Mortgage lenders have seen major rounds of layoffs in response to the fall in demand for loans and refinancing as rates have risen.
Though the average rate had reached above 7 percent as of late October, more than double the historic lows reached earlier in the pandemic, in a historical perspective, the current number still qualifies as low. (While the 30-year rate has typically stayed below 10 percent since 1971, it did spike to 18.53 percent in October 1981.)
As rates for primary residences rise, the impact on borrowing for investors in the single family residential (SFR) sector is softened by the fact that they're already paying higher rates than homeowners. And owning property brings with it numerous benefits.
“Even in this crazy environment, property is still a relatively safe investment,” said Dennis Bron, vice president of growth for Mynd.
SFR investors earn cash from collecting rent, and owners who buy and hold are able to employ several strategies to reduce their tax burden, writing off many expenses associated with a rental property, and taking depreciation on a home.
Concerns about jobs drove Fed policy
For most of 2021, Powell and his colleagues at the Fed expressed their concerns about the job market, and were reluctant to make any moves that would prevent the economy from reaching full employment. (The unemployment rate was 3.8 percent in February; it peaked at 14.7 percent in April 2020, the height of the pandemic.)
Frederic Mishkin, a Columbia University professor and former Fed governor, said in December that the economy had already reached full employment and the Fed was “much too optimistic on the inflation front,” and distracted by its focus on the labor market.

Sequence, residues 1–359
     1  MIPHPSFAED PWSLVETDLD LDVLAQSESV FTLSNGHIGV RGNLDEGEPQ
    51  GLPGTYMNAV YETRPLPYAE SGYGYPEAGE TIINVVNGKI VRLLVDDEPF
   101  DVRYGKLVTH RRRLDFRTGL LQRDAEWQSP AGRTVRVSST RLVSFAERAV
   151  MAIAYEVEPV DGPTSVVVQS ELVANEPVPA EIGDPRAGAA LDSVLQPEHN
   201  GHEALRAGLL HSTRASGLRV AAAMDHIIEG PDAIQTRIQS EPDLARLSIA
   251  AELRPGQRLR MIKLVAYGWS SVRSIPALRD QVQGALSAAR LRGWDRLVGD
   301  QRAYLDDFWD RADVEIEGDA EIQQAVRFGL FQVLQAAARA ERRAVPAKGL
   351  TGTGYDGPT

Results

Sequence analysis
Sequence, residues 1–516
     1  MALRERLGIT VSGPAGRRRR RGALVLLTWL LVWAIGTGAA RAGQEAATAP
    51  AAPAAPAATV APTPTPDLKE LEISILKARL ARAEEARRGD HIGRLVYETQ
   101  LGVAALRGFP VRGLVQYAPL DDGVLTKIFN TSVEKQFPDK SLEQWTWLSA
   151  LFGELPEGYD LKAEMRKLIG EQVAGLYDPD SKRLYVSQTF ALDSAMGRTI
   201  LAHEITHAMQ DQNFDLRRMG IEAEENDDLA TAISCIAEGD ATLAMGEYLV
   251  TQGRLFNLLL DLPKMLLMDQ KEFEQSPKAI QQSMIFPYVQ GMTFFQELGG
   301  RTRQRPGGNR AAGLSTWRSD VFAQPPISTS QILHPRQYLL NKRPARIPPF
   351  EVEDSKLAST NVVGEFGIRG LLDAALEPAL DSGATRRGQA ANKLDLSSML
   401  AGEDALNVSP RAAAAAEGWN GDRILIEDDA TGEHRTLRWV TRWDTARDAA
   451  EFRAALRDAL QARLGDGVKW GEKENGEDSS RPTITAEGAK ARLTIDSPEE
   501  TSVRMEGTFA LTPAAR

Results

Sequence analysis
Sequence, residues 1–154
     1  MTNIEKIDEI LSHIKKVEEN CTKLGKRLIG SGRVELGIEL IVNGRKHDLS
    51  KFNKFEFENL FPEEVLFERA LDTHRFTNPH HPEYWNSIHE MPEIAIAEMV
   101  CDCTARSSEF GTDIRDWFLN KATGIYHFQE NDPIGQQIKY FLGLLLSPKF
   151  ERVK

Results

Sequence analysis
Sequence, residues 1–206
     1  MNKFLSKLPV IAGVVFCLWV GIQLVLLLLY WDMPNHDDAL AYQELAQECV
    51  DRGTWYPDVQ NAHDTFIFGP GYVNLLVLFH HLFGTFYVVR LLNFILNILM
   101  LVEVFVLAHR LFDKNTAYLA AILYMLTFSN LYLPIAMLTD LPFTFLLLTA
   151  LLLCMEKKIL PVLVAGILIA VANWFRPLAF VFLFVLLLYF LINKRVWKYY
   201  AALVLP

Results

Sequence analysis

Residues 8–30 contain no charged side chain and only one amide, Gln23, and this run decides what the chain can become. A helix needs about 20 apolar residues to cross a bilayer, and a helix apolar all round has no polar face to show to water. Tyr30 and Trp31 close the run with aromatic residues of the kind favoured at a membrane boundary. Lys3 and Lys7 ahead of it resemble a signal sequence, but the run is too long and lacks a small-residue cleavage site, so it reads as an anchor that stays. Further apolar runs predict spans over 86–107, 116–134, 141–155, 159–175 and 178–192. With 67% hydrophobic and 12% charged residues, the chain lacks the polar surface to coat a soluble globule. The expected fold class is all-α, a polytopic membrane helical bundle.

Mishkin said then that he feared the Fed would have to raise rates higher than it would otherwise need to if it had acted earlier.
“The Fed is behind the curve,” Mishkin said in an interview with CNBC back in December. “The reality is that inflation is higher than they anticipated and it's more permanent than they anticipated.”
Professor Mishkin was prescient, as the economy has hit the highest inflationary levels since the Reagan Administration.
Housing market's rise preceded inflation surge
The increase in home prices started before recent inflationary pressures, as a shortage of homes, and the pandemic-fueled migration to the suburbs and smaller cities, spurred bidding wars and double-digit-percentage hikes in home prices in many cities.
These increases hit families looking to buy in the SFR space, as well as investors, a group that now includes some deep-pocketed institutions like JP Morgan, Blackstone and the Toronto-based investment firm Tricon Residential, which plans to invest $5 billion in single family rental homes in the U.S. in partnership with Teacher Retirement System of Texas and Pacific Life Insurance Company.
John Burns Real Estate Consulting estimated that some $45 billion in institutional money flowed into the SFR and build-to-rent sectors in 2021.
Many observers of the housing market are trying to figure out the direction the market will take as the reality of higher mortgage rates settles in. Cities like Atlanta, Phoenix, Raleigh, Charlotte, Tampa and Austin saw double-digit percentage increases over the last three years, but the increase in rates has slowed the housing market.
Some markets, like Phoenix, have seen a correction in the second half of 2022. Others, like Austin, are experiencing something more like a flattening, as demand is not expected to fall off dramatically given the number of jobs (mostly in technology) migrating there.
Many experts believe that there are still good opportunities, if investors do their homework and find properties that have potential.
“Rental housing demand is going to continue,” said Don Ganguly, senior vice president of Mynd Investment Management. "Some percentage of people are going to work out of their houses for some period of time. A lot of those people may not want to buy, so you are going to have a spillover from the apartment rental cohort who are looking for a home in the rental market.”